DOVER, Del. (AP) — Democrats John Carney and Bethany Hall-Long took the oaths of office for their second terms as governor and lieutenant governor Tuesday in a live-streamed online ceremony.

Carney was sworn in by Chief Justice Collins Seitz Jr. in the hallway outside the governor’s office in Legislative Hall, which remains closed to the public because of the coronavirus.

“I’m prepared to take the oath, and I’m smiling,” said Carney, whose face was covered by a black mask. Hall-Long was sworn in by Supreme Court Justice James Vaughn Jr.

Foregoing the traditional inaugural speeches, Carney and Hall-Long made remarks in a prerecorded video that were interspersed with photos and videos of Delaware and remarks by several business owners, educators and health care workers. The video focused heavily on the coronavirus pandemic and the Carney administration’s response to it.

“This year has been a balancing act,” Carney said. “We’ve tried to protect public health, while protecting our economy.”

“2021 is a year of hope and optimism,” he added. “It won’t be easy. There’s a lot of work ahead. But I’m confident that Delaware will come out of this current crisis stronger than ever.”

Carney said steps he took during his first term to ensure fiscal stability in state government have left Delaware well-positioned to rebuild its economy.

“Unlike so many states around the country, Delaware is not facing budget challenges this year,” said Carney, who promised to create new jobs through infrastructure spending, ensure that Delawareans have clean drinking water, and help businesses recover from the pandemic restrictions he imposed.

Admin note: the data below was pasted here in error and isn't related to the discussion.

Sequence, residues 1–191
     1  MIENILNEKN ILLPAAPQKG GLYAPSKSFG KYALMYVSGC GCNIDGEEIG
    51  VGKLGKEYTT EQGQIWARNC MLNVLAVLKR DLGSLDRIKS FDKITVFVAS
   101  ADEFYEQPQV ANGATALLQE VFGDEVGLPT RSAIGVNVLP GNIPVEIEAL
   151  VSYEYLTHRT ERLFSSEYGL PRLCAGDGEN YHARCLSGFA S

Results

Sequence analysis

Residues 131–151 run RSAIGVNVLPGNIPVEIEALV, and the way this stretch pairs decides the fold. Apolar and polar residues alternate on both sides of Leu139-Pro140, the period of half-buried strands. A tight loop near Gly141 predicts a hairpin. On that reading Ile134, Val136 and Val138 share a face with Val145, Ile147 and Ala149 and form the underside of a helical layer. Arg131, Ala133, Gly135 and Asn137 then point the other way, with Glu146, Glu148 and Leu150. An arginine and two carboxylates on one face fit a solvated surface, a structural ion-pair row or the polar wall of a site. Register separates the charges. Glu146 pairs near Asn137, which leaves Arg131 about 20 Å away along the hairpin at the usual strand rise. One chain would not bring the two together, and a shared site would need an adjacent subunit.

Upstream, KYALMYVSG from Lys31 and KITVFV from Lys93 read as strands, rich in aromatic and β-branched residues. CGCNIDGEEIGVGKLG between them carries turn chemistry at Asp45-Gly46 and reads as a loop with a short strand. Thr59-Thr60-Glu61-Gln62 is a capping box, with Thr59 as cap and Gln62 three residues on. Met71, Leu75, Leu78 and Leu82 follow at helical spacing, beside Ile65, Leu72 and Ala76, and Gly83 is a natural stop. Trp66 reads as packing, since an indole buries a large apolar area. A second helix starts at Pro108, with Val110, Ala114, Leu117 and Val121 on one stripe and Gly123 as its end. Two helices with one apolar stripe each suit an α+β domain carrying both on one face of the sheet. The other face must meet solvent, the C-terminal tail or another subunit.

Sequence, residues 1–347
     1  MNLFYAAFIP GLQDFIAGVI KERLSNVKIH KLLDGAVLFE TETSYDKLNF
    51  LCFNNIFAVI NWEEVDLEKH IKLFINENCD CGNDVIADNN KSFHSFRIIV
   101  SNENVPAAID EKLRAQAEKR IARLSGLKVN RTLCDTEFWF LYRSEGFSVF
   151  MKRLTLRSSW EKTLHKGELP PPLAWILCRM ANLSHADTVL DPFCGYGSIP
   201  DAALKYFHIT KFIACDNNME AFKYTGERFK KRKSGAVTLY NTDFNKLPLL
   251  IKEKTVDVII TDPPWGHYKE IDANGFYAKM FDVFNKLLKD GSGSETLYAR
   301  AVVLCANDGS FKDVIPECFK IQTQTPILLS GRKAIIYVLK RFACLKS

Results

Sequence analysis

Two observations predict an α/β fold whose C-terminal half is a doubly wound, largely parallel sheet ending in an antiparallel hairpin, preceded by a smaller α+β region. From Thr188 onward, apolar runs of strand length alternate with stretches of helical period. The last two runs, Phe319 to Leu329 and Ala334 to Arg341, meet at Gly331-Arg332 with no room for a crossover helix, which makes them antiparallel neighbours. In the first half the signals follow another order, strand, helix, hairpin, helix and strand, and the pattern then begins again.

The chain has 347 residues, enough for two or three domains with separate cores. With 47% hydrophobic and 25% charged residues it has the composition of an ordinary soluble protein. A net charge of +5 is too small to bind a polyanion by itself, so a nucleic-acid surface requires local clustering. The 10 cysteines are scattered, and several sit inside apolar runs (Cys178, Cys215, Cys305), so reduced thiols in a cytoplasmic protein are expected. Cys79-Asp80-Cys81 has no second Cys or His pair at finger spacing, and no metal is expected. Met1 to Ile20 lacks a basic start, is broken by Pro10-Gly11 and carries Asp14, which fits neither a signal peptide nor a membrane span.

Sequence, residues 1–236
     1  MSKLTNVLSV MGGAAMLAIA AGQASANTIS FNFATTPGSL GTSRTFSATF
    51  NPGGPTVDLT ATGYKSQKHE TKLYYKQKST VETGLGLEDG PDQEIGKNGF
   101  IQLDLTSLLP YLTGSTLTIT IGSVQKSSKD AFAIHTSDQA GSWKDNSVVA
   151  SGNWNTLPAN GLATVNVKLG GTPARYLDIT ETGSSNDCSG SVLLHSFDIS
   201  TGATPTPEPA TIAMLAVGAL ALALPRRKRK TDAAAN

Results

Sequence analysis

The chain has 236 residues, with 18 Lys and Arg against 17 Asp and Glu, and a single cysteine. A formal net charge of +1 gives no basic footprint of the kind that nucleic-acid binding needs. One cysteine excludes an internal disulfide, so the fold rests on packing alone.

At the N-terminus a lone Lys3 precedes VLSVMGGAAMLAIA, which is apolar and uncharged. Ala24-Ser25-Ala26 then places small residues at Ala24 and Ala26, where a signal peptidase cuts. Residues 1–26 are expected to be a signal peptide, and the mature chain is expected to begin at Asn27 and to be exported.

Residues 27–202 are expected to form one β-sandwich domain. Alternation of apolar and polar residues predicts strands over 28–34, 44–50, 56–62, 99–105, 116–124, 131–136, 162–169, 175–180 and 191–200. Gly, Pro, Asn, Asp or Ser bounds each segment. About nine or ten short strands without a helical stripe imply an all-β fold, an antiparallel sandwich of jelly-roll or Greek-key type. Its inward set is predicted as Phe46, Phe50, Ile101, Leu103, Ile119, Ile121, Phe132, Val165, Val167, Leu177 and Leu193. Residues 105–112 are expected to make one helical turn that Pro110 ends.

“We’ll make historic investments in public schools statewide, focused on students who need our help the most,” Carney said.

Under the administration’s settlement of a school funding lawsuit brought by the ACLU and Community Legal Aid Society, Carney is required to seek significantly higher funding from the legislature for disadvantaged students, defined as children from low-income families, those with disabilities and children whose first language is not English.

While the inaugural video was focused primarily on the coronavirus and its effects, Carney and Hall-Long touched briefly on other issues, including what Hall-Long described as “systemic racism and discrimination in our institutions.” She did not offer specifics, but Carney followed up on the them.

“Of all the lessons this past year has taught us, perhaps the most important had nothing to do with the pandemic,” he said. “The George Floyd protests here in Wilmington and Dover and across our country showed us that we cannot continue to ignore the injustices faced by our brothers and sisters of color,” he said.